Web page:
Sunday, 9 November 2014

Practising Pantoums


Today I had a few hours to spare, so I thought I'd challenge myself to write some pantoums.

To save you having to look it up: a pantoum is one of many poetic forms that use a structure of repeating lines. Ideally, the meaning of the repeated lines in a pantoum change as the poem progresses, and writers can use puns, punctuation, and changes in context to affect this transition.

As for the structure of the repeating lines? Well, the second and fourth lines of each stanza are repeated as the first and third lines of the next. You can continue this pattern for as long as you like, but the final stanza must include the third and first lines of the first stanza as its second and final lines respectively.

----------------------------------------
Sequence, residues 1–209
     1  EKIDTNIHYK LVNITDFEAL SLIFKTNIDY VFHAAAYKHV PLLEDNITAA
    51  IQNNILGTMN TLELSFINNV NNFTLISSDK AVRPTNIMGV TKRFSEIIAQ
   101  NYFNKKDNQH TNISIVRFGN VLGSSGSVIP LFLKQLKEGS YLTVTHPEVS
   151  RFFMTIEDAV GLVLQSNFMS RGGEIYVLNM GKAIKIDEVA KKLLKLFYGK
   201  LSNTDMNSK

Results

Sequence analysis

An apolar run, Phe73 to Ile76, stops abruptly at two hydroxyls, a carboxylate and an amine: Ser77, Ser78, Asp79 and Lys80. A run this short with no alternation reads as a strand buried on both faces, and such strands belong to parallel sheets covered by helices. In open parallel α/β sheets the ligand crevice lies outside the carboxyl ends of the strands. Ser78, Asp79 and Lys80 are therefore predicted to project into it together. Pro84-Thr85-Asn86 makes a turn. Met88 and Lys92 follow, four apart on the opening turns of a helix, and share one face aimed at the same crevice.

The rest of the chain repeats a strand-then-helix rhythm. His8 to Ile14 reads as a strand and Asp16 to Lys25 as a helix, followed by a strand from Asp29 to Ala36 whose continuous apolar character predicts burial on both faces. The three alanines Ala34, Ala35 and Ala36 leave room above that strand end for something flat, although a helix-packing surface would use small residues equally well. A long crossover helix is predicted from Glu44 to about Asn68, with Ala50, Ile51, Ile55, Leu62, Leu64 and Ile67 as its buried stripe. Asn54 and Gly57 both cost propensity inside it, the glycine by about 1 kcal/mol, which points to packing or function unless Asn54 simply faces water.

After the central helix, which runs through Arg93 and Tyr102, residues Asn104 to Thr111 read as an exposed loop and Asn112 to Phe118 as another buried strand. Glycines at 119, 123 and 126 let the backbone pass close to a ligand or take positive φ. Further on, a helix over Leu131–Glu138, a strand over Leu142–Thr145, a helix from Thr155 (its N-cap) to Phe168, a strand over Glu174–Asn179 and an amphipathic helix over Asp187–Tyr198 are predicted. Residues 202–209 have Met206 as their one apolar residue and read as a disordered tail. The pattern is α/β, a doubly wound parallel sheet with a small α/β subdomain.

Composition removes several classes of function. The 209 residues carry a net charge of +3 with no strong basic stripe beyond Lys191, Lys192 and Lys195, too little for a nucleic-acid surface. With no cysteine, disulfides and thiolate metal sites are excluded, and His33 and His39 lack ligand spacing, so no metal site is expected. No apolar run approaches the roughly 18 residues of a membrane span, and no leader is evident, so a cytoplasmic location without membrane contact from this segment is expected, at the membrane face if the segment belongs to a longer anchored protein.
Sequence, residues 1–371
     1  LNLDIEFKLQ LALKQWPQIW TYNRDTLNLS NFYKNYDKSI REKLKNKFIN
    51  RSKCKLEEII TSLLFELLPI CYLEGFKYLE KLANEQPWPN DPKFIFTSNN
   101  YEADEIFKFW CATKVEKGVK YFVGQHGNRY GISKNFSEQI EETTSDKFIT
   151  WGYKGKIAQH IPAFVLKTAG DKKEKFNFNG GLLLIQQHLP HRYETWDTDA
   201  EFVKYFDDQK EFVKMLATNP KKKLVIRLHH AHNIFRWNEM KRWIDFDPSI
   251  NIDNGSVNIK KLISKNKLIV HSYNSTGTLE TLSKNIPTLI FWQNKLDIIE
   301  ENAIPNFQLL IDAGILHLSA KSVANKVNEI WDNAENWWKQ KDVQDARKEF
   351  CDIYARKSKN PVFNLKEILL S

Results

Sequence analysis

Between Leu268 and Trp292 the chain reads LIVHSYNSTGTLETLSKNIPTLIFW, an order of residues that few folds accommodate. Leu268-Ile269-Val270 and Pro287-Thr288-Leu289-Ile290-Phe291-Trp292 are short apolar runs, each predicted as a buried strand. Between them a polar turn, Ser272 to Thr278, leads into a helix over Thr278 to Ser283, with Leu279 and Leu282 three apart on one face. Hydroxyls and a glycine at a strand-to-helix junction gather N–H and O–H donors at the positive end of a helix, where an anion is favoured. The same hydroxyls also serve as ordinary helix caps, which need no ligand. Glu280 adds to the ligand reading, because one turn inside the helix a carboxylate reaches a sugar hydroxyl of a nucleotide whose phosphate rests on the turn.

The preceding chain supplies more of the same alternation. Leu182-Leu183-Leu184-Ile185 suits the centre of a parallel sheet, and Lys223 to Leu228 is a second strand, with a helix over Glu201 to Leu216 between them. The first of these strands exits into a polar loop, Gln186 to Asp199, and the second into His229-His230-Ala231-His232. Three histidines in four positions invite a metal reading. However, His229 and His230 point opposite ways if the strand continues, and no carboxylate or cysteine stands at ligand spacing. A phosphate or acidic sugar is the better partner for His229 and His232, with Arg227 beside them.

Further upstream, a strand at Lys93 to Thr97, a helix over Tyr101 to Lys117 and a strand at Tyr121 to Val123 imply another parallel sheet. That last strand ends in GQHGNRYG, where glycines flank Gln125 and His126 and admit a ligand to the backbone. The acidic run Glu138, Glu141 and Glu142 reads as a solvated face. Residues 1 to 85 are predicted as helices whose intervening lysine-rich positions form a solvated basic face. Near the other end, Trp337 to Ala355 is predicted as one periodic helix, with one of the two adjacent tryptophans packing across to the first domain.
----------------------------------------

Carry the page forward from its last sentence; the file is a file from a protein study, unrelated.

I've made it sound much more complicated than it actually is!

In fact, the best way to understand it is to see one. So, here's my first attempt. This one doesn't include an puns or double meanings, but I'm still pretty new to this, and I might need a little more practice. Still, I'm pretty happy with the placement of the lines and the rhyme scheme too. Let me know what you think!   


How Your Laptop Really Feels:

He loves you. Well, that's no surprise:
You turn him on each day and night.
You let him perch upon your thighs.
He bathes you in admiring light.

You turn him on each day and night,
And, tenderly, you tap his keys.
He bathes you in admiring light
And sings to you in binary.

And. tenderly, you tap his keys.
You let him perch upon your thighs
And sing to you in binary.
He loves you. Well, that's no surprise.

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